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All sides are dusting off old stadium plans
by Rochelle Olson

With the possibility of losing the Minnesota Twins looming ever larger, many previously discarded stadium plans have found new life -- for now.

Sen. Dean Johnson, DFL-Willmar, said the state Revenue Department is conducting an analysis of every possible stadium funding source. "You're going to see a whole litany of plans," he said. "We're turning every rock over for every user fee, local-option sales tax and the possibility of a referendum."

Since 1997, the Legislature has rejected every permutation of a stadium plan that was presented to the lawmakers. Now Major League Baseball appears to be on the verge of abolishing the team even as business and civic leaders grope for ways to stop the departure.

Johnson will be among those appearing Thursday before the recently appointed Tri-partisan Task Force on Stadium Issues. The panel is looking at ways to keep the team in Minnesota, despite reports that other owners are prepared to pay owner Carl Pohlad to fold his team.

Minneapolis Mayor-elect R.T. Rybak also expects to participate in that meeting. He said the city will have a proposal, but he declined to divulge any details. "This can't be done the old way because it's clear the majority of the public is against the old way," Rybak said. He rejected suggestions that the public and private sectors share the cost of a new ballpark equally.

St. Paul Mayor Norm Coleman and Mayor-elect Randy Kelly say they intend to go to the same panel with a plan for a $350 million ballpark in the capital city. St. Paul would pay $150 million financed by a 3 percent downtown bar-restaurant tax plus parking revenues. The Twins would be expected to contribute $150 million, and other private corporations $50 million.

"I'm not sure if anything can work. The only thing that can work is if a local municipality steps up," Coleman said.

Kelly said the context has changed since Coleman first proffered the plan earlier this year. "We are seriously confronted with the loss of this public asset," Kelly said.

Also, Rep. Phyllis Kahn, DFL-Minneapolis, and Sen. Ellen Anderson, DFL-St. Paul, have renewed a push for community ownership of the team.

House Majority Leader Tim Pawlenty, R-Eagan, has been an opponent of stadium subsidies and called the recent reincarnation of many plans "back to the future. ... "

"The only question is whether the public sentiment or leadership dynamic has changed," he said. "That's going to have to play out a bit."

But Karla Blomberg, a member of the state panel, finds hope in the notion that various forces are redoubling their efforts and resubmitting proposals. "It's time for everybody to put their former bias aside and look at these things with a clean, unjaundiced eye," said Blomberg, a Realtor from New Brighton.

Last year, Blomberg was co-chairwoman of Citizens for Major League Baseball, a panel convened by the Twins to find a way to keep the team here. "There's been so many groups that really want to make this happen, it's strange that it hasn't happened," she said.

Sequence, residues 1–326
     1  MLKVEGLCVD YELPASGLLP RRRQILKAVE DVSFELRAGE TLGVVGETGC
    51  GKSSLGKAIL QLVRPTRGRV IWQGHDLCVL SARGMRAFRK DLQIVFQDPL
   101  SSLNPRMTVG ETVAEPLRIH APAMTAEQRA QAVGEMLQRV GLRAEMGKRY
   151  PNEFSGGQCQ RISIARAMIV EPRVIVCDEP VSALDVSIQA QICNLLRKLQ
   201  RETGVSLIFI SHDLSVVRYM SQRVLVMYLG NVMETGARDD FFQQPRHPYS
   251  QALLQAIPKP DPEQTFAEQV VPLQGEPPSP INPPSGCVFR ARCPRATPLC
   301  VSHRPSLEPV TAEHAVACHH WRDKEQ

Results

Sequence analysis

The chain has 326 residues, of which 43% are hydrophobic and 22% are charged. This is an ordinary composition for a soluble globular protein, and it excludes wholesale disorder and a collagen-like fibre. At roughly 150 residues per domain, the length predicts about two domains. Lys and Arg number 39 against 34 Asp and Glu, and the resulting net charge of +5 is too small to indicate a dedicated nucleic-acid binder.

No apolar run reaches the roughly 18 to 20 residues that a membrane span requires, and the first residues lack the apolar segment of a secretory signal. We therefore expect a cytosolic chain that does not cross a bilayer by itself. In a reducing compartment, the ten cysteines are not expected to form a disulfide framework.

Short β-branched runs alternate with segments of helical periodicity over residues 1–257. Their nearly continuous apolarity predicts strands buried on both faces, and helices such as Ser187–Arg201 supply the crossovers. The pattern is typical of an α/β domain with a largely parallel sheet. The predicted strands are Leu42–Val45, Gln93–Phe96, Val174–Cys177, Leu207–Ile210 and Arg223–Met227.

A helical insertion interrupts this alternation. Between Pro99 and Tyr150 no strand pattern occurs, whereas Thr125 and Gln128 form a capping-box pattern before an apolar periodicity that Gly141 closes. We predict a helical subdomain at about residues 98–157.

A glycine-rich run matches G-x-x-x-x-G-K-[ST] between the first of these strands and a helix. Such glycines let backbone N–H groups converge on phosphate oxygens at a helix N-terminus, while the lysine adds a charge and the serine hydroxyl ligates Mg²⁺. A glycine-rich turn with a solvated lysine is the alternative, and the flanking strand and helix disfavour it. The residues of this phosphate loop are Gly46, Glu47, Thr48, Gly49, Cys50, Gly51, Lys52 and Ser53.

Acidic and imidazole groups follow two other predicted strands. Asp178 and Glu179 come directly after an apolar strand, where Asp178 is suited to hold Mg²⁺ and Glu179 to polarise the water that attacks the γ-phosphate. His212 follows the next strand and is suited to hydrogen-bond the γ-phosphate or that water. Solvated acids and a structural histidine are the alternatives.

Owners meet Tuesday

Even as the various options gasped for air again, the noose seems to be tightening around the team's neck. Baseball's owners are scheduled to meet Tuesday in Chicago for an update on eliminating teams.

The owners voted Nov. 6 to eliminate two teams for the 2002 season, and although the teams were not named, they are believed to be the Twins and the Montreal Expos. Commissioner Bud Selig wants the plans finalized by mid-December, and it's possible he will formally announce the teams to be eliminated Tuesday.

Obstacles to the plan remain, including pending litigation in Minnesota that could force the Twins to field a team next season to fulfill the final year of the team's Metrodome lease.

The owners' actions and the outcome of the lawsuit will go a long way in determining whether any of the resurrected stadium plans see real rejuvenation. The Twins have asked the state Supreme Court for an expedited appeal of the lower court's order.

"If the courts rule against us and Major League Baseball votes to contract, we're only talking to ourselves. ... It's all over," Johnson said, adding that he thinks taxpayers are more willing to help the team now.

No shift

House Taxes Chairman Ron Abrams, R-Minnetonka, disagreed, saying he had no evidence of a legislative shift in favor of stadium subsidies.

"Those who have been in favor of it in the past are still in favor of it. People who were opposed are still opposed," said Abrams, who added that he remains in the "mushy middle."

What's more, Abrams said, voters are more worried about their employment, their children's education and homeland security than the Twins.

Still, the proposal peddling isn't likely to stop until the final hour.

Coleman said his proposal makes sense because it doesn't require state money.

Rybak said he is conducting "shuttle diplomacy" to try to bring people together. "I feel the public strongly wants the Twins here, but they don't want it done in a way that requires the public to take the lead," he said.

Kelly said, "We have no choice but to attempt to move forward and keep the Twins in Minnesota."

But because Minnesota has said no to every previous stadium plan, Carleton College political scientist Steven Schier said he sensed it's too late to keep the team.

"I think there's a real likelihood that Major League Baseball owners want the Twin Cities to be the pelt on their wall," he said. "It will be a summer of tractor pulls in the Metrodome."